Bigger, bolder second by brooding Canadian...

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Cold Specks – Neuroplasticity

Bigger, bolder second by brooding Canadian…

“Neuroplasticity” is a term which relates to the brain’s ability to evolve when faced with new behaviour, environments, stimuli or trauma. According to Al Spx, the 26-year-old Canadian singer and songwriter who broods, bristles and snarls behind the soubriquet Cold Specks, she chose it as the title of her second album to honour “a creative rewiring process. It implies an aesthetic change.”

Which, after prolonged immersion in this rather remarkable record, seems about right. Neuroplasticity is the follow-up to Cold Specks’ 2012 debut, I Predict A Graceful Expulsion, and bears the same relation to that album as an abstract oil painting does to an accomplished sketch. …Expulsion placed Spx’s core sources – old spirituals, delta blues, southern soul, Alan Lomax field recordings – into an overly-polite gothic-folk setting of carefully plucked guitars, soft piano, keening violins and primal rhythm. It’s a lovely record, but it could have offered more bite and daring.

Past songs like “When The City Lights Dim” suggested that Spx could turn her hand to vaguely anthemic radio-friendly fare, but in the event she has travelled to the other extreme. While I Predict A Graceful Expulsion was recorded in less than a fortnight, Neuroplasticity was stitched together over a period of six months. That time was clearly not spent applying commercial polish, but instead building a bigger, bolder musical framework to give full vent to her extraordinary voice – two parts Patti Smith, one part Tom Waits, one part Macy Gray – and unbendingly bleak world view.

The dark, churning soundscapes on Neuroplasticity frequently approach the kind of fever-pitch of confrontational intensity which bears comparison with Nick Cave and PJ Harvey, combined with the tribal kick of 80s Kate Bush. “A Quiet Chill” has the same irresistible pulse as “The Big Sky”, while “A Formal Invitation”, with its bat-shit rhythm and layered, multi-octave backing vocals, has the edge-of-madness feel familiar from The Dreaming.

At other times Spx feels like a kindred spirit to notorious margin-hangers like Diamanda Galas and Swans. It seems entirely fitting that Michael Gira guests on two songs, his light-swallowing rasp intoning “hung, drawn, quartered” on “Exit Plan”, and adding an added layer of lupine menace to the album’s pitch-black highlight, “Season Of Doubt”. Even here, Spx out-glooms her co-vocalist, signing off with the promise that she possesses “an unrelenting desire to fall apart.”

The results suggest a spectral Odetta covering late Talk Talk, a bewitching tapestry made up of uncomfortable silence, broken piano chords and forlorn trumpet, the latter courtesy of young American jazzer Ambrose Akinmusire, whose contributions prove to be one of the album’s most engaging new textures. His squealing horn lines skid all over opener “A Broken Memory”, as well as “Old Knives”, which pledges kinship to The Cure’s Faith, with its slow-hanging guitar arpeggios and funereal drum tattoo.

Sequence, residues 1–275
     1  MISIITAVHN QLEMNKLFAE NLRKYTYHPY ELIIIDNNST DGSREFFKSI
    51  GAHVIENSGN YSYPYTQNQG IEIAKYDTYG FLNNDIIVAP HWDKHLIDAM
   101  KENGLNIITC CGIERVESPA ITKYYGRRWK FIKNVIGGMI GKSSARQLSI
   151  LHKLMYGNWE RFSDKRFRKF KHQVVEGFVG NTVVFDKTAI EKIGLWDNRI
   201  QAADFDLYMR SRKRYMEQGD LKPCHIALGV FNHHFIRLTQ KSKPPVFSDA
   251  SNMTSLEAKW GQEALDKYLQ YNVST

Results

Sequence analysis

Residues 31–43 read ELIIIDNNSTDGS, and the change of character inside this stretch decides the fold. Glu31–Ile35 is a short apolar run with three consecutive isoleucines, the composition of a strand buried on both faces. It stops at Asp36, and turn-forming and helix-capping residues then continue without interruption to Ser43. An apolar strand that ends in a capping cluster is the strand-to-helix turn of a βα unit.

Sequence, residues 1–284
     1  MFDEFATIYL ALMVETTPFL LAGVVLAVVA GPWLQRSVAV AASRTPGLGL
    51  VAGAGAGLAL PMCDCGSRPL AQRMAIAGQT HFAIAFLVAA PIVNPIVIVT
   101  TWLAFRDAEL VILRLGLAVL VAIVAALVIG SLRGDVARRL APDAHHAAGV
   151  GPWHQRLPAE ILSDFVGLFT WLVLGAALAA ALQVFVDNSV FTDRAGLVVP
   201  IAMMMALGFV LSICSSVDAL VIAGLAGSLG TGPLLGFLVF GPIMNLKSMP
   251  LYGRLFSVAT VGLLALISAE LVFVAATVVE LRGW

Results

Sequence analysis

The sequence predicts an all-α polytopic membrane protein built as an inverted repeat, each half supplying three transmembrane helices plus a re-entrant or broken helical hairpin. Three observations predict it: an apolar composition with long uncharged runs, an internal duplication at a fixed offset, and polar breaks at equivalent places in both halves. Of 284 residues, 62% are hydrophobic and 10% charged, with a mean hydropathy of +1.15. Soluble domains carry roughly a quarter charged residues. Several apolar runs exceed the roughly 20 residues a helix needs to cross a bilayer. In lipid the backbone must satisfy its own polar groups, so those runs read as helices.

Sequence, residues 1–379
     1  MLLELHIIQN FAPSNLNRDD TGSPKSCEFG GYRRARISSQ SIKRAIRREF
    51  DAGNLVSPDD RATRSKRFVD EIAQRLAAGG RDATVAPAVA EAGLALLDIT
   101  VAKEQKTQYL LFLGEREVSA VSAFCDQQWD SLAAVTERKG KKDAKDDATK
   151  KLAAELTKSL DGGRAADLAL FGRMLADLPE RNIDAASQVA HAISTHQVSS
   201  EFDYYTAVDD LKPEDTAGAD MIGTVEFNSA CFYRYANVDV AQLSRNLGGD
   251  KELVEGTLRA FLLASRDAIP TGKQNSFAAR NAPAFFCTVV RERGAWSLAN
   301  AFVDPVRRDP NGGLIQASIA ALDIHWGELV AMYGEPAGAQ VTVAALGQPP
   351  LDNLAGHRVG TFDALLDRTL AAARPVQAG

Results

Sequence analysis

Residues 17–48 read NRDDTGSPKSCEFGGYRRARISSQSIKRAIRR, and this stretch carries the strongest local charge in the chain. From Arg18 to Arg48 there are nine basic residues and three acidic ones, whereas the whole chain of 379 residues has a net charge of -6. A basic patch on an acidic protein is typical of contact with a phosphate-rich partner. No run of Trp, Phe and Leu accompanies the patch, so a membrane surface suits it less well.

Spx’s use of traditional black American sources is less overt but remains in evidence. Avant-garde jazz notwithstanding, “A Broken Memory” is a bleached machine-gospel stomp. “Absisto” is built on a blues drone, stretched and distorted over a bass-heavy rhythm, beautiful and sinister at the same time. “Living Signs” is clipped gothic funk, with a lyric – “I did not intend to raise the dead” – which evokes images of vine-covered New Orleans graveyards. There are other connective threads to Spx’s past work. “Change Of Command”, a lithe construction of fluid guitar lines and an almost-pop melody, recalls “Hector” from her debut. The gentle, undulating “Exit Plan” also returns to the calmer waters of …Expulsion, at least until the peace is, somewhat inevitably, shattered by eruptions of sonic turbulence.

Spx, who now lives in London, wrote much of this record in a remote cottage during a winter escape to the West Country, and the penetrating chill is tangible. Neuroplasticity is an unrelenting ride, but there’s something heroic about its unwavering commitment to its nightmare visions. On “A Quiet Chill” Spx growls “I remain unshakeable”. Every note of this compelling album backs her up.
Graeme Thomson

Q&A
AL SPX, COLD SPECKS
What changed between …Expulsion and Neuroplasticity?

My first album was a deeply personal folk record, and it became difficult performing those songs over two years. I felt like a bad actress and I wanted to change that. I made a conscious decision to make a more playful album with a much more expansive sound.

“Playful” isn’t necessarily the first word I’d use!
Sonically it’s playful. Lyrically and thematically it’s still incredibly dark. I don’t know how to write in other ways, I’ve come to accept it.

Why did you go to the West Country to write?
It was winter in London, miserable, and a friend had a cottage available for a few weeks. I had a couple of flat mates in London I just needed to get rid of! I definitely need to be alone to be comfortable with fully exploring sound. I don’t like to make errors in front of people, so I isolate myself.

How did Michael Gira come on board?
I couldn’t sing as low as he does! Luckily for me he was a fan and agreed to do it. He was kind and gracious throughout the entire process. I’m a very big fan of his, so it was a great pleasure.
INTERVIEW: GRAEME THOMSON

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